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Eclipse Online

October 14, 2012 Leave a comment

Prejudice is a terrible burden to live with when the world is changing, which makes the subject of this post somewhat more ironic than usual. As one of the more obsessional book collectors, I’ve grown up and persisted through the decades surrounded by physical books. I still have almost all the books and some of the comics of my childhood and teen years — an example of sentimentality triumphing over common sense. But the bulk of the collection has been sold off. It was a painful sacrifice, but the alternative was even more painful. In fact, I’ll be saying goodbye to the more recent acquisitions soon — probably early in the New Year. Such are the penalties of advancing age and changes in circumstances.

In the midst of all this upheaval, I’ve been watching the technology of book production and content distribution evolve. I do my best to maintain neutrality, trying not to judge the merits of the new devices used for reading. Indeed, I’ve been induced to dip an experimental toe into the dark side. The fact my preferences run strongly against reading text digitally has not stood in the way of my self-appointed role as a reviewer. All too often, the book for review is made available to me in electronic format. I grit my teeth, download to my Mac and scan the screen. Old dog, new tricks and similar idioms leap to mind. Against this background, I note the arrival of Eclipse Online. The anthologies edited by Jonathan Strahan have been events to write into diaries, always hoping for, nay, expecting interesting results. Now we learn there are to be no more. The editor is moving with the times and transferring his endeavours online under the umbrella of Night Shade Books. All of which is explained in the first editorial which, in turn, signals the publication of the first story, “The Contrary Gardener” by Christopher Rowe, which you can read here.

The irony I referred to flows from the nature of this first story which is rather cunningly apposite. Imagine a world in which a command economy dictates to the bean or corn cob exactly how much food or other fungibles shall be produced. Waste is not to be tolerated. Efficiency is everything. Although the discipline of the short story prevents any significant detail in the context, it’s also probably reasonable to assume a one-child policy or something equally draconian given that automation has been allowed to take over so many of the “ordinary” jobs like driving the buses. In such a world, overpopulation and unemployment would be a dangerously unstable combination. The point of the story is therefore for our heroine to find balance and harmony. Without being preachy, the author shows us that no-one would be better qualified to make such decisions than a master gardner. We’re concerned with the mechanics of production, nurturing new life and finding a way for it to prosper so it can grow up strong. Sometimes hard decisions and sacrifices have to be made. Indeed, a dramatic end of a lifetime’s work may be required. Or, perhaps, the ending of one way of life may be an opening to something new and different. After all, change is not inherently bad. In the right spirit, it can be the harbinger of good outcomes so long as adaptation to the new circumstances is willing.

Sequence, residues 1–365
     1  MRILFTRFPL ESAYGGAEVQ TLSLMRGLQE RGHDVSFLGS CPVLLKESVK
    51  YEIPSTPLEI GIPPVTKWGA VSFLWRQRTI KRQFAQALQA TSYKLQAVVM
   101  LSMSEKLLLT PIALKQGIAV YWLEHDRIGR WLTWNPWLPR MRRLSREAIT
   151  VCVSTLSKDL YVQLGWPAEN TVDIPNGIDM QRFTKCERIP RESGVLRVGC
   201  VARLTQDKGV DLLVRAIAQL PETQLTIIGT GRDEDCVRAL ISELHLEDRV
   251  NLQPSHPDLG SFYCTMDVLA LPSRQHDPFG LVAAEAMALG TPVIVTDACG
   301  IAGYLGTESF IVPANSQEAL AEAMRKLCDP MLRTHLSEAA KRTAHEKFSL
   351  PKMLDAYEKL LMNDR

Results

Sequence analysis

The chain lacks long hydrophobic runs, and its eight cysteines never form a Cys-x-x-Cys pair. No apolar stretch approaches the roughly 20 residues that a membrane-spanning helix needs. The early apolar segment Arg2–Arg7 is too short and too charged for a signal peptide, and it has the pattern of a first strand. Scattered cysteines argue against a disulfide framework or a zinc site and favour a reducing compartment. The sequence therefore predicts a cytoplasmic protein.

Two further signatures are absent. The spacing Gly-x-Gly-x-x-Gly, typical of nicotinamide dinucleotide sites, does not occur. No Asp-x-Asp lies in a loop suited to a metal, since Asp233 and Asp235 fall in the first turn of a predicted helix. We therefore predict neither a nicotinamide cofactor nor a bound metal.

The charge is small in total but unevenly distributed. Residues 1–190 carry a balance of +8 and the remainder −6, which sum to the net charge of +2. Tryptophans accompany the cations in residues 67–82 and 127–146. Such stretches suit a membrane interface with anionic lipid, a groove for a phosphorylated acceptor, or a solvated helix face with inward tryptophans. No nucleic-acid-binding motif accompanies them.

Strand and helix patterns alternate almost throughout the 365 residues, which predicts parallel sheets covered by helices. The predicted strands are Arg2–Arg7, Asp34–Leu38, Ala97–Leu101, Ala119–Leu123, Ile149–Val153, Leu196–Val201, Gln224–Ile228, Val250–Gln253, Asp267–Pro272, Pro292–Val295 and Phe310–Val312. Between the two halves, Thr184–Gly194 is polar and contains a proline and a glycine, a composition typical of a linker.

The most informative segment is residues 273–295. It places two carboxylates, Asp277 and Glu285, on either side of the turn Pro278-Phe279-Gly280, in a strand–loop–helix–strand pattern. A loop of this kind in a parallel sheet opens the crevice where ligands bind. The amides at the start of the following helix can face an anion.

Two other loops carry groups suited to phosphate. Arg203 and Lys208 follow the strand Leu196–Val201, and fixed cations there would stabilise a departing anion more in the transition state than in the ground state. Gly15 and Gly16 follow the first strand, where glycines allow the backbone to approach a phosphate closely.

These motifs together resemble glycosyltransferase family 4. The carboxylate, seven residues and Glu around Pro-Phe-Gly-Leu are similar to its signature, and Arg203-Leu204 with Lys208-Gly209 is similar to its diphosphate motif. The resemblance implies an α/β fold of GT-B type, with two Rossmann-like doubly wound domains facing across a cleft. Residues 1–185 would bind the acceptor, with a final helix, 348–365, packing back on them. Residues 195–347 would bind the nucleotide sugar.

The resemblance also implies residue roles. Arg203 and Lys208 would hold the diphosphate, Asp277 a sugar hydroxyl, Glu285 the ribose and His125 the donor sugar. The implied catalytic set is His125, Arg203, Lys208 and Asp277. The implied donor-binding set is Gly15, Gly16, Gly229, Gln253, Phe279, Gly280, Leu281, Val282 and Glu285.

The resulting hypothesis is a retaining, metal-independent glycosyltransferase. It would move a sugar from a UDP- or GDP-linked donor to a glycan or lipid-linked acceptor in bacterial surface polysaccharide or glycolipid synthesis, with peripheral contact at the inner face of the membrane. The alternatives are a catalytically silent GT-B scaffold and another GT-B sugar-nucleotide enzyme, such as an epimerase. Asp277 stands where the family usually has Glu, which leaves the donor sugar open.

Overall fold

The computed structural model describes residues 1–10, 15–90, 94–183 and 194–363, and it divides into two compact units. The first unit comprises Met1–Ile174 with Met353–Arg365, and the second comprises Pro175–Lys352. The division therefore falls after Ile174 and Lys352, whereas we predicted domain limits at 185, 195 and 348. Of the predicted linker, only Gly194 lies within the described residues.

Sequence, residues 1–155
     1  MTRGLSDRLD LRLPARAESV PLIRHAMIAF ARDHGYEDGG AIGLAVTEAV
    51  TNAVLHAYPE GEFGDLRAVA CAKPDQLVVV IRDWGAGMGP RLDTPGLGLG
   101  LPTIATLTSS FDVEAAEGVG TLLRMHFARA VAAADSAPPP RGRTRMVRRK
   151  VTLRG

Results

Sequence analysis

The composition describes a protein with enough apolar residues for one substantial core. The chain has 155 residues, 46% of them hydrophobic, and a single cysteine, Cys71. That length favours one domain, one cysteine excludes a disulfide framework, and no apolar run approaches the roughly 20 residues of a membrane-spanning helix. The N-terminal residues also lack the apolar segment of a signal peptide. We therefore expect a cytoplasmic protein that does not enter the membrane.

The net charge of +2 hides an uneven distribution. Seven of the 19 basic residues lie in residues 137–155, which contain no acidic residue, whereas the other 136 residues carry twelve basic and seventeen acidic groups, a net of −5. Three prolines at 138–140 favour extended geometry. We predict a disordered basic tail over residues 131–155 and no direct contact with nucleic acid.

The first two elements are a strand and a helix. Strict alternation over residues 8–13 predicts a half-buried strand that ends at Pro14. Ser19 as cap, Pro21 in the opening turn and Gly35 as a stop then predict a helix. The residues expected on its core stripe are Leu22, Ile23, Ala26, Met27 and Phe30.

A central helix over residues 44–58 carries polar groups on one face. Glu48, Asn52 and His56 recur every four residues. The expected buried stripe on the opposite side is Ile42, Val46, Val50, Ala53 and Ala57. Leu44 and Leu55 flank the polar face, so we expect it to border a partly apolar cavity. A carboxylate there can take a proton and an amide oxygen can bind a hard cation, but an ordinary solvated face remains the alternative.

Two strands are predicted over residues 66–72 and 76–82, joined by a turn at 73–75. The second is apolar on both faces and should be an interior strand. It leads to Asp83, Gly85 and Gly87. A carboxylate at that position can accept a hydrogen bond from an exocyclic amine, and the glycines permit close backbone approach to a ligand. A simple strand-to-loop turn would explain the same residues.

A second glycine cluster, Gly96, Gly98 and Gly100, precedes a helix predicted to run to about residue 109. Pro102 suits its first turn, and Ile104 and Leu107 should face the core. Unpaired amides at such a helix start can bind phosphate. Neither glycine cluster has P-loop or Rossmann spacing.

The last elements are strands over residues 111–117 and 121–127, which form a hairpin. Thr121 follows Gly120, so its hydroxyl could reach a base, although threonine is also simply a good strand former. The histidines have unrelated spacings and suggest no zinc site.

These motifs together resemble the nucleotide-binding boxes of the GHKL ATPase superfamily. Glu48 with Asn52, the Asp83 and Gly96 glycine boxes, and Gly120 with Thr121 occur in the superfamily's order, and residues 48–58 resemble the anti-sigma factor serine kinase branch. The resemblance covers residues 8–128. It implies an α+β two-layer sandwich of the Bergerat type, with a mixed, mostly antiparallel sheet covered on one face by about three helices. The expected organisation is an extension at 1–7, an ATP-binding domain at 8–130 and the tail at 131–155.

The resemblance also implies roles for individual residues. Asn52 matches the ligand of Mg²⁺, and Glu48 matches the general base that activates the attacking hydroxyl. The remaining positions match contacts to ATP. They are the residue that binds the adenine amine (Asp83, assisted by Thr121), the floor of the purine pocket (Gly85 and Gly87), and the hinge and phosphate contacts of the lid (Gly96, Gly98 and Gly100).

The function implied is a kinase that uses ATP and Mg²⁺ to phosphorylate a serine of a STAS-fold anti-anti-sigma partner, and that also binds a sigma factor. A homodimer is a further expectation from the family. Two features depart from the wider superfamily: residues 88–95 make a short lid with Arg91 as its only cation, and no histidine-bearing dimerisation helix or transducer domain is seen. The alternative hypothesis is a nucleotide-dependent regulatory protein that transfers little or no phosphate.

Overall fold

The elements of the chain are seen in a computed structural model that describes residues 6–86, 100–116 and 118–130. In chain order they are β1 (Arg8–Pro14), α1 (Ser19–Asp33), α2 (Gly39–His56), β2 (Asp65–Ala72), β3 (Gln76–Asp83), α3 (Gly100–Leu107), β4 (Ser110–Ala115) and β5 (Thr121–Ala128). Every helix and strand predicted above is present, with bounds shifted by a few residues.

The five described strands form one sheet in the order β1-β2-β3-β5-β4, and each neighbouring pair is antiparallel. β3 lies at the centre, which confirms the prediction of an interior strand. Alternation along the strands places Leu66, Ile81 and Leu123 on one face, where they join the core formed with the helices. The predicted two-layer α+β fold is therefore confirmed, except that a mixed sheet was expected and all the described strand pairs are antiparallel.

So while my belief in printed media will remain strong, the presence of Jonathan Strahan at the helm of Eclipse Online will probably mean the new stories will find their way into my reading schedule. Insert your own idioms about spotted predatory animals at this point.

For reviews of three of the four Eclipse anthologies edited by Jonathan Strahan, see:
Eclipse Two
Eclipse Three
Eclipse Four

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The Speculative Edge. Issue 1, August 2012

July 16, 2012 3 comments

I often find I have my best ideas walking around the house wearing only my underwear. These usually involve my wife and various kitchen appliances. But if the mood is not on me to make beef cobbler or an apple pie, I think about what’s missing from the world. Very occasionally, I wonder about the market for magazines. There are as many possible models for magazines as there are people prepared to put their money into the venture of producing one. The only real criterion for success is whether they find enough people to pay the price and so cover their production costs. Few have the deep pockets and commitment to continue producing a magazine at a loss. Then there’s the question of time. Until they’re making enough to pay living costs, the editor(s) and other staff can’t give up their day jobs. It’s a hobby no matter how professional the resulting magazine. This additional constraint puts more pressure on the dedicated people. Over time, people get tired. The lack of financial success undermines motivation. The magazine withers away. Yet there’s no lack of people like this editorial team coming forward with their best hopes to the fore. As always, we welcome new warriors to the fray and wish them well.

The Speculative Edge launches this August. In writing this review of the first issue, it’s not my job to make any kind of prediction as to whether the venture will be a success. That’s a judgement the market will make. My only task is to describe the concept and say a little about the content. As the title suggests, it features science fiction, fantasy and horror. The issue has four elements: interviews with two new authors and excerpts from their work, four short stories (two of which are reprints), some poetry, and non-fiction with both reviews and a brief discussion of the relative merits of literary as opposed to genre fiction.